1. These two applications are under Article 226 of the Constitution. They are connected in the sense that both of them arise out of nomination of candidates for election--in one case for the election to the State Legislative Assembly and in the other to the House of the People--and the constitutional point which arises for consideration is common. We propose to decide the two applications together.
2. The applicant in civil Misc. Appln. No. 861 of 1951, Sri Rudra Pratap Narain Singh was one of the six candidates for the Kaisarganj North constituency in the district of Bahraich. He is enrolled as a voter in another constituency known as Bahraich West and his case was governed by Sub-section 6 of Section 33, Representation of the People Act (XL II  of 1951) which provides that :
'If at the time of presentation of the nomination paper the Returning Officer finds that the name of the candidate is nor, registered in the electoral roll of the constituency for which he is the returning Officer, he shall for the purpose of Sub-section (5) require the person presenting the nomination paper to produce either a copy of the electoral roll in which the name of the candidate is included or a certified copy of the relevant entries in such rolls.' The copy of the entry filed by Shri Rudra Pratap Narain Singh, was, according to the Returning Officer, not duly certified and his nomination was, therefore, rejected under the powers conferred on that officer by Section 36(6) of the Act. The candidate challenges the decision on a variety of grounds and in the application before us he has impleaded as opposite party No. 1 his rival candidate at whose instance the objection was moved, and as opposite parties 2 and 3, the Returning Officer of Kaisarganj North constituency and the election officer of Bahraich district. He prays that:
(a) This Court should issue orders or writs in the nature of mandamus, prohibition, quo warranto and certiorari or such of them as may be deemed appropriate,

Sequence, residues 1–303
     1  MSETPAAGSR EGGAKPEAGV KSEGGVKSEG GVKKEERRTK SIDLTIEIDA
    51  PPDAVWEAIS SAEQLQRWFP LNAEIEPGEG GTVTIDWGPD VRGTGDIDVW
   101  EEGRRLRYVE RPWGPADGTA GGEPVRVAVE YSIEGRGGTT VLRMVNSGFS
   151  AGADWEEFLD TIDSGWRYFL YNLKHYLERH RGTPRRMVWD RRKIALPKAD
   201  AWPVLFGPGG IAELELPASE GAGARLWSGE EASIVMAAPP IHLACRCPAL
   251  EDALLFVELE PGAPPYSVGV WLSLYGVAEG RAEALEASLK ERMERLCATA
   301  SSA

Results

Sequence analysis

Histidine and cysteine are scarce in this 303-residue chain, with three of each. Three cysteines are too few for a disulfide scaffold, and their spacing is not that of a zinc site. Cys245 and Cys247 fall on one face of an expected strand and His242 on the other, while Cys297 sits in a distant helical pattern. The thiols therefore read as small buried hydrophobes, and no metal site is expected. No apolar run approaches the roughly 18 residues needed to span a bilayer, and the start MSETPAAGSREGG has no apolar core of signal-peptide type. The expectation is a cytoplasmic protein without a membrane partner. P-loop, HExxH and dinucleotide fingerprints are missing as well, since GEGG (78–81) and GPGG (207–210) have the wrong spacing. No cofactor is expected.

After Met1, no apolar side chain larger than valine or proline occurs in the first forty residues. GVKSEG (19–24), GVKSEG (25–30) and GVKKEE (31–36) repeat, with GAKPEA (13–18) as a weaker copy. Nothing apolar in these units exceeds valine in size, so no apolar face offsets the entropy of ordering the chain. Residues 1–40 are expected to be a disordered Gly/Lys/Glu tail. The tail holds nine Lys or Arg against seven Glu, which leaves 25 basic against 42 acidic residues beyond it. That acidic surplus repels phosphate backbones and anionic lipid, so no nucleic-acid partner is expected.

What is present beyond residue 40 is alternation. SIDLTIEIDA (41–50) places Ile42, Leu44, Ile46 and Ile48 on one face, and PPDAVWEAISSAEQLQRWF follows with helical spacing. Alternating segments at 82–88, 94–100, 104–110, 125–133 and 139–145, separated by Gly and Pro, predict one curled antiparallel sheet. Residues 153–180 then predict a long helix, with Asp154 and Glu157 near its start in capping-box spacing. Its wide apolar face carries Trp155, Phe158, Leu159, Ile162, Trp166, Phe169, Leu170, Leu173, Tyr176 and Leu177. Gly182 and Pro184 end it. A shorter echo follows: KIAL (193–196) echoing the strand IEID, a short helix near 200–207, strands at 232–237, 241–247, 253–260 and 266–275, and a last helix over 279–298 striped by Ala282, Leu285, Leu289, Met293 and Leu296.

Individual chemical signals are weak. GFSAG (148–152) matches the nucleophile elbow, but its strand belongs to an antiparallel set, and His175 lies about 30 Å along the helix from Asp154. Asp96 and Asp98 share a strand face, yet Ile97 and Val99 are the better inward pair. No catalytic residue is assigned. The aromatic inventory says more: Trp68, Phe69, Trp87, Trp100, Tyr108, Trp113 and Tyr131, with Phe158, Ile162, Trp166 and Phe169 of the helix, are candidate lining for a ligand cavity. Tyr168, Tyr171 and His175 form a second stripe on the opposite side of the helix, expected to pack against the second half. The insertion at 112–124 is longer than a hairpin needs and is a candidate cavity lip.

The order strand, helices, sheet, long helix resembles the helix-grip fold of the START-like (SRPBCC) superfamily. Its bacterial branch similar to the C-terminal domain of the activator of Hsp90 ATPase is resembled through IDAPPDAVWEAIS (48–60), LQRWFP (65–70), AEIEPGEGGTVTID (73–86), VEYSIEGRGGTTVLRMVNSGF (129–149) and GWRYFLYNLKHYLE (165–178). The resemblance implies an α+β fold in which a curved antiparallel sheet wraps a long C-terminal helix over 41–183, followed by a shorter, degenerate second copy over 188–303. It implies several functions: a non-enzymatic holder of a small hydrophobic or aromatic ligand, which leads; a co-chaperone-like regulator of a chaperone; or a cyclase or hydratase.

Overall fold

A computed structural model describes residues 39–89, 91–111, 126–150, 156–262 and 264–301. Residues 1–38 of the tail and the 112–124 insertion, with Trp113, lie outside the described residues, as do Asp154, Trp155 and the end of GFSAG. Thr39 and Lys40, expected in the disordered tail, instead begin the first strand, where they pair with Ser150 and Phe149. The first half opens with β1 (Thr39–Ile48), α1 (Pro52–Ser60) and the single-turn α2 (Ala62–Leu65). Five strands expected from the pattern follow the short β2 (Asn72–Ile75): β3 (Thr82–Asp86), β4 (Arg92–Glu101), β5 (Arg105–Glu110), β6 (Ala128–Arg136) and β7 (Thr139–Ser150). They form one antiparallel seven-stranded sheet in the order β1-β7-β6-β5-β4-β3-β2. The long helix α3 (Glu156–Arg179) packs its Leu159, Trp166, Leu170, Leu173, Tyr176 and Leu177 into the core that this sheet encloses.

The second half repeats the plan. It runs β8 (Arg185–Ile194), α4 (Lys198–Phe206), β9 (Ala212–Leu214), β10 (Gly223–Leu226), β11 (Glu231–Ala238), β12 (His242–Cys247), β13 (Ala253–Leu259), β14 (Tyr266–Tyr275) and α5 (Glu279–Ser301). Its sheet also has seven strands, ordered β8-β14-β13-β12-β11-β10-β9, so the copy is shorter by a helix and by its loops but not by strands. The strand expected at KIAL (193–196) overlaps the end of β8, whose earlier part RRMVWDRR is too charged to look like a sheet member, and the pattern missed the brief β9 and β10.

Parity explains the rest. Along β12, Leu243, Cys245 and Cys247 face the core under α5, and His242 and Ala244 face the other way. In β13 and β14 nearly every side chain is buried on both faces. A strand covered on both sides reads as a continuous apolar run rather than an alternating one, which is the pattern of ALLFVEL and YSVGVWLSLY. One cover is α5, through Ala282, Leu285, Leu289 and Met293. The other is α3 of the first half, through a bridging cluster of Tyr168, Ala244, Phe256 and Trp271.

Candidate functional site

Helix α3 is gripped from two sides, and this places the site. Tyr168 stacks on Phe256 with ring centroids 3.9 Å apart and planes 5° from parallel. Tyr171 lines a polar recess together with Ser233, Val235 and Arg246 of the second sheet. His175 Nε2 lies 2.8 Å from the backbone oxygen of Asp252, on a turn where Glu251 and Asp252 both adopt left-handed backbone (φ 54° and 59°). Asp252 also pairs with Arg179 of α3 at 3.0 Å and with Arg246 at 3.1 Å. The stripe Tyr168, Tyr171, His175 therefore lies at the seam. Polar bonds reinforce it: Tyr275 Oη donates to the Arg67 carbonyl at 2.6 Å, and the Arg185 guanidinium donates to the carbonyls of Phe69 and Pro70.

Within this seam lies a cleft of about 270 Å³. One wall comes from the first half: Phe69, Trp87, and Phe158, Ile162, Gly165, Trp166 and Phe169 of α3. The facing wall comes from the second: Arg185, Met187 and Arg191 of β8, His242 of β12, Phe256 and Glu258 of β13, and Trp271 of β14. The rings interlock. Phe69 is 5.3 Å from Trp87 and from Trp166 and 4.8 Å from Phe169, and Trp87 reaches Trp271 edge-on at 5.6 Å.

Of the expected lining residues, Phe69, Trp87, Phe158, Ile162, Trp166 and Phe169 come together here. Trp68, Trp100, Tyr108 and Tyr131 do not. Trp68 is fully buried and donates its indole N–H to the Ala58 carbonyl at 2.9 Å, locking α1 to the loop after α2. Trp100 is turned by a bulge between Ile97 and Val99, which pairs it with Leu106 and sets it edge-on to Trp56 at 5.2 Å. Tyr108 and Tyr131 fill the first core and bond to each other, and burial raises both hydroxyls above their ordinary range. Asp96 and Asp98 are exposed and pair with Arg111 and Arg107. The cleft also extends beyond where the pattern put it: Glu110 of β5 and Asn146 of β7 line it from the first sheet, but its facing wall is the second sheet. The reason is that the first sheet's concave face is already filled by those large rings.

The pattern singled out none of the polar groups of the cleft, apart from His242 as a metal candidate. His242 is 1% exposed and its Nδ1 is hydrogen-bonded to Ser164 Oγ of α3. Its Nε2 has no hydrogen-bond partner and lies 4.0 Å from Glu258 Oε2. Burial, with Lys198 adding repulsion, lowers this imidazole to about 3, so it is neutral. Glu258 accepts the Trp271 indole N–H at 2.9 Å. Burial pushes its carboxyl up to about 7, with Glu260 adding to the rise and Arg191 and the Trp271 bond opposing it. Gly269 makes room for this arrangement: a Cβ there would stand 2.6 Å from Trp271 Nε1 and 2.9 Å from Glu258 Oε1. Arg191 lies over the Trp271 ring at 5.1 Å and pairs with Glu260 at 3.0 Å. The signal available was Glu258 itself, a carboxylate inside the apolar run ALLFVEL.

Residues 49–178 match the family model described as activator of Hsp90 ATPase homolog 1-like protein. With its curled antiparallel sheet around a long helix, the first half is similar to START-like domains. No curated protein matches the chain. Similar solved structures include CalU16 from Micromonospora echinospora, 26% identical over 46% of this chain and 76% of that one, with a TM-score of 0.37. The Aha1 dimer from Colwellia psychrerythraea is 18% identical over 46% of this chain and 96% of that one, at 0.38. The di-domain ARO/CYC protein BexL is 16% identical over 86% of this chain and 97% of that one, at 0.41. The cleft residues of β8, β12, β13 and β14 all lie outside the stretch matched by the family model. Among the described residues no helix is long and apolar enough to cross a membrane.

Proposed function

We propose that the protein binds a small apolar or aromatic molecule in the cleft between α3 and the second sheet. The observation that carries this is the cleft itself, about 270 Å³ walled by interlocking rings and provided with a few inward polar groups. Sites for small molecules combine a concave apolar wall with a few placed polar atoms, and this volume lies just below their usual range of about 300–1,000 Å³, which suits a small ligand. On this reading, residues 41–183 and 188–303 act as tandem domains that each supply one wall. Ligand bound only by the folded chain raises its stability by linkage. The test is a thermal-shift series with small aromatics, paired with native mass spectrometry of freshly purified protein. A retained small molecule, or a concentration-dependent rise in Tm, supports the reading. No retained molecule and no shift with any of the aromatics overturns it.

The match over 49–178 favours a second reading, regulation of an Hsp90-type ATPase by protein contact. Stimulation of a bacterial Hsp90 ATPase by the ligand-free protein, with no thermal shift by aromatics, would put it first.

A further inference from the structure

(b) Issue in particular orders directing opposite, party No. 2 to refrain pending the petition to allot symbols to the candidates for election to the U. P. Legislative Assembly from the Kaisarganj North constituency and from preparing and publishing the list of valid nominations,
(c) Declare that the petitioner was duly nominated,
(d) Direct the opposite parties 2 and 3 to include the name of the petitioner in the list of validly nominated candidates, and
(e) Direct the opposite parties not to take any action prejudicial to the interest of the petitioner during the pendency of his application,
3. In civil Misc. Appln. No. 862 of 1951, the applicant Sri Hargovind Dayal Srivastava bas been duly nominated for the Lucknow District Central Constituency. His grievance is that the nomination of one of his rivals, namely Srimati Vijai Lakshmi Pandit, opposite party No. 1 was in fact invalid for the reasons stated by him and was wrongly accepted in total disregard of the election rules, on a scrutiny held by the Returning Officer Opposite Party No. 2 on 27-11-1951, despite the applicant's objections pointing out the ground of invalidity. It is claimed that the order is manifestly illegal, ultra vires and without jurisdiction and it amounts to a flagrant violation of the fundamental rights of the petitioner guaranteed under the Constitution of India. It is accordingly prayed that the record of the proceedings before the Returning Officer be sent for and directions, orders or writs in nature of mandamus, prohibition and certiorari or any of them be issued, that the nomination of Srimati Pandit be adjudged void and ineffective and that the proceedings leading up to the acceptance of her nomination papers be quashed.
4. A preliminary objection to the hearing of these petitions has been taken on behalf of the opposite-parties on the basis of Article 329 of the constitution. The provision therein contained is as follows:
'Notwithstanding anything in this Constitution-
(a) the validity of any law relating to the delimitation of constituencies or the allotment of seats to such constituencies, made or purporting to be made under Article 327 or Article 328 shall not be called in question in any Court;
(b) no election to either House of Parliament or to the House or either House of the Legislature of a State shall be called in question except by an election petition presented to such authority and in such manner as may be provided for by or under any law made by the appropriate Legislature.'
It is contended by Mr. Dhaon on behalf of the Returning Officers that the acceptance or rejection of nominations by his clients are acts which form part of the election and the prohibition imposed by Clause (b) of the article takes the matters complained of outside the judicial competence of the High Court or indeed of all Courts of Law excepting the Election Tribunals.
5. Part XV of the Constitution of India wherein the prohibitory provision is placed is headed ''Elections'. It begins by vesting in an election commission under Article 324(1) the power of--:
(a) superintendence, direction and control of the preparation of the electoral rolls for elections to Parliament and to the State Legislatures etc.,
(b) conduct of the aforesaid elections including